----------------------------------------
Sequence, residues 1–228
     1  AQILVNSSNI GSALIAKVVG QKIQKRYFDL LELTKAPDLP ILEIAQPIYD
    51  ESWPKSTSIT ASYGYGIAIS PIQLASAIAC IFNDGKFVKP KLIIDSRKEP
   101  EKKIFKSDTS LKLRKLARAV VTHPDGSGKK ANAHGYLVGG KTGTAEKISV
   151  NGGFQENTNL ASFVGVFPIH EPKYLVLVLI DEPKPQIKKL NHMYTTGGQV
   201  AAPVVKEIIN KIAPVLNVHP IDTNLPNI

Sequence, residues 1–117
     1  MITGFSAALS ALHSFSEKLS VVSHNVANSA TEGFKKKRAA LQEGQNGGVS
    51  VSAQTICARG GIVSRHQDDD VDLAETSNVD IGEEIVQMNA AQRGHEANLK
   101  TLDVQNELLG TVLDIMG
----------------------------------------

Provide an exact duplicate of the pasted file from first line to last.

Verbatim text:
Sequence, residues 1–228
     1  AQILVNSSNI GSALIAKVVG QKIQKRYFDL LELTKAPDLP ILEIAQPIYD
    51  ESWPKSTSIT ASYGYGIAIS PIQLASAIAC IFNDGKFVKP KLIIDSRKEP
   101  EKKIFKSDTS LKLRKLARAV VTHPDGSGKK ANAHGYLVGG KTGTAEKISV
   151  NGGFQENTNL ASFVGVFPIH EPKYLVLVLI DEPKPQIKKL NHMYTTGGQV
   201  AAPVVKEIIN KIAPVLNVHP IDTNLPNI

Sequence, residues 1–117
     1  MITGFSAALS ALHSFSEKLS VVSHNVANSA TEGFKKKRAA LQEGQNGGVS
    51  VSAQTICARG GIVSRHQDDD VDLAETSNVD IGEEIVQMNA AQRGHEANLK
   101  TLDVQNELLG TVLDIMG